Racism is Conditional
Recently, I traveled to Reykjavik, Iceland’s capital and largest city and some parts of southern Iceland. With mountains engraved with waterfalls and glaciers, geysers lined with black sand beaches and crystal clear waters, I felt like I was exploring a different planet. My senses were on overload, except for one. And that was my sixth sense of awareness about racism.
As a Black American, my sixth sense of awareness is consistently stimulated. But here, I could breathe. There was no undercurrent of entitlement or racism among the people I encountered in Iceland. Conversations and interactions weren’t latent with racial subtext and nuances. They were just conversations and interactions. This figurative breath of fresh air is indicative of the gaps found in Iceland’s social heritage.
Racism is a conditional social construct that doesn’t have to exist. Iceland’s lack of colonialism and undogmatic approach to capitalism seemed to shape its welcoming, all-inclusive sentiment. America rose to power from the ashes of colonialism, and sustained its global grasp with capitalism.
Iceland and America are irrelative to each other. Their distinct histories, geographical locations in the world, and policies prevents any apples to apples comparison. However, the absence and presence of certain social elements in each country does provide insight into how racism is weaved into a nation’s culture.
In its infancy, racism developed via colonialism. During the late 16th century in America, an onslaught of English, French, Spanish, and Dutch settlers exploited the lands, killed millions of Native Americans, and disseminated their values until they were the dominate culture. Scholars vary in their data for Native American populations during the Pre-Columbian era, but it’s estimated that about 100 million Native Americans inhabited the Americas before the arrival of the Europeans. Jeffrey Ostler, author of Genocide and American Indian History, estimated that about 80% to 90% of the Native American population perished as a result of colonialism.
On the contrary, Iceland didn’t have any indigenous inhabitants and was discovered by Naddod, a Norwegian-Faroese Viking in 860 B.C. Iceland would go on to become one of the first countries to establish a parliament in 930 B.C. Colonization didn’t happen in Iceland because there were no natives to colonize.
Successful colonization is marked with genocide. There has to be a “them” vs. “us” approach carried out by racism in order for it to work. During Colonial America, there was an emphasis placed on killing the natives so that a European elite could rise to power. While Iceland did have its share of land wars, it wasn’t motivated by race. Even after America abolished slavery in 1865, colonialism transitioned into nations practicing “whitening” tactics in an effort to attract and keep more European immigrants.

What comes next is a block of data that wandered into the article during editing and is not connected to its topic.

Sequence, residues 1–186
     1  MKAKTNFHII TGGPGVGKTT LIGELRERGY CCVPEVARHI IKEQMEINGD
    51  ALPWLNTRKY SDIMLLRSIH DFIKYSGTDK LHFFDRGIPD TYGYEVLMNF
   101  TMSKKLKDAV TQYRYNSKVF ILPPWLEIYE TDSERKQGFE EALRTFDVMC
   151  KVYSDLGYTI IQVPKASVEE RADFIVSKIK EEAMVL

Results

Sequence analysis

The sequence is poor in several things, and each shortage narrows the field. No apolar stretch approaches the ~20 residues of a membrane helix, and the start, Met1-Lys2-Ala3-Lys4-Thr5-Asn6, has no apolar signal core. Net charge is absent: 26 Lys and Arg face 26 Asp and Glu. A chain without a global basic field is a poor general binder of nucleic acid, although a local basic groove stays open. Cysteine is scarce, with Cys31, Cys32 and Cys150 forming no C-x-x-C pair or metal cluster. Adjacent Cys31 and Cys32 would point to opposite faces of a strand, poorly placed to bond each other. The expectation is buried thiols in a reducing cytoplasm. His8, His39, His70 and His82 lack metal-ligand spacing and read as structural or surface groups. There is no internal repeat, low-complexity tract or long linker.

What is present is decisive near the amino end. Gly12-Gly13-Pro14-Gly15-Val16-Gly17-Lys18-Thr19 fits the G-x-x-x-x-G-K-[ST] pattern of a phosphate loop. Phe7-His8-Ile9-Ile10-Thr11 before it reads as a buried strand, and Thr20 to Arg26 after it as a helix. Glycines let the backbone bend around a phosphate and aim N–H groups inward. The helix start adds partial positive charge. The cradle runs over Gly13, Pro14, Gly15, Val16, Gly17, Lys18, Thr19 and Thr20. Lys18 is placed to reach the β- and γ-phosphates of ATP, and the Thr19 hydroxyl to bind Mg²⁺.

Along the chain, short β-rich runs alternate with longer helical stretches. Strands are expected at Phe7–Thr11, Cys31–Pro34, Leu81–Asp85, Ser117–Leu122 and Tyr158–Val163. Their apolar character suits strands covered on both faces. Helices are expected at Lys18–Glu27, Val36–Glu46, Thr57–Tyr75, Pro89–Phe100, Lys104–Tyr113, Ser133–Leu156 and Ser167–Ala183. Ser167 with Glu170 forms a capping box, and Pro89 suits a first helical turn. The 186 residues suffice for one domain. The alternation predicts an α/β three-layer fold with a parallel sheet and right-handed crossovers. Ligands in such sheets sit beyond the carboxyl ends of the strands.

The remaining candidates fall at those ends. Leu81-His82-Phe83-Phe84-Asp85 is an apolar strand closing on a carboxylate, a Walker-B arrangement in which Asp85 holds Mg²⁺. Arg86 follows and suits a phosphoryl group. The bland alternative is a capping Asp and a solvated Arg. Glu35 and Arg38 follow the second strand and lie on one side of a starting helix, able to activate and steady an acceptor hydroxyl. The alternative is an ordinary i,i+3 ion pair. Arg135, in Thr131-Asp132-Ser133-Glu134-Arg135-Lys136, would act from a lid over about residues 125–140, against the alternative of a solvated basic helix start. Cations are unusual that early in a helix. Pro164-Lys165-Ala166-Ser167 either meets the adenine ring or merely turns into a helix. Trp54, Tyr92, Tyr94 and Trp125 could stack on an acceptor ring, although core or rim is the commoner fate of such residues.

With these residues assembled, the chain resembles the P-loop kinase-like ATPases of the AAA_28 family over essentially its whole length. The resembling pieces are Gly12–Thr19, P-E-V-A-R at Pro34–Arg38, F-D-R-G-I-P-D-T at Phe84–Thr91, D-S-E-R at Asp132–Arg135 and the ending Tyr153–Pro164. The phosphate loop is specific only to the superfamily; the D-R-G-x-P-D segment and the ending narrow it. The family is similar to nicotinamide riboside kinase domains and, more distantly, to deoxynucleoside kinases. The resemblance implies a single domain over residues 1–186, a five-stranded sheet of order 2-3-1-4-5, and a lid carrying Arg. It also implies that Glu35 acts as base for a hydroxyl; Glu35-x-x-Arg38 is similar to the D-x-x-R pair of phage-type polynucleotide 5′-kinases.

According to the Atlantic Black Star, Brazil, Cuba, Jamaica, South Africa, and Australia all enacted laws that favored European immigrants and even banned non-White immigrants from migrating to their nations. All five countries also had indigenous people who were inflicted by colonization.
From the causalities of colonialism came capitalism. Arguably, colonialism’s legacy lived on through a free enterprise economic system controlled by a private class– capitalism. Dr. Edward Younkins, author of Capitalism and Commerce, describes America as a democratic capitalist nation where a “dynamic complex of economic, political, moral-cultural, ideological, and institutional forces” shape a multi-faceted economic system.
Certainly, there are benefits to capitalism: it promotes innovation, economic growth, and political freedom. Capitalism is what made America a global player, but it was built on the backs of the underclass – usually people of color and immigrants.
Malcolm X once said, “You can’t have capitalism without racism.” And the pre-Civil War era was just that.
According to the Gilder Lehrman Institute of American History, by 1840 the South grew 60% of the world’s cotton and provided about 70% of the cotton consumed by the British textile industry. Although the North didn’t have slaves, it did develop a number of businesses that catered to the burgeoning South from insurance companies to cotton brokers. Black slaves weren’t capitalizing off their own capital. Fast forward to today, and Blacks are still unequal to Whites regarding capital.
Iceland and other Nordic countries (Denmark, Finland, Norway, and Sweden) follow the Nordic model, where it’s an economic system of free market capitalism complemented with a cohesive welfare state and collective bargaining. The Research Council of Norway found that Nordic countries rank among the highest in the world in terms of wealth and equality. Iceland also boasts an extensive welfare system for its citizens that includes universal healthcare and tertiary education. It’s not every man for themselves.
The Global Peace Index ranked Iceland as the most peaceful country in the world due to its low crime rate and lack of armed forces. If there’s an equal distribution of wealth with a built-in safety net, there’s no gaps for citizens to fall through.
Again, Iceland and America are unfair comparisons. Iceland is an island in the middle of the ocean and doesn’t experience an influx of immigrants like America does. Immigrants certainly plays a role in race dynamics. Also, Iceland has a pretty homogenous population with little to no interracial relations within the country compared to America. Iceland could never be like America and America could never be like Iceland. But the fabric of each country’s history does point to how racism is constructed or how it isn’t. Since history often dictates how a country is today, given the right historical ingredients, maybe race relations could’ve been different in America.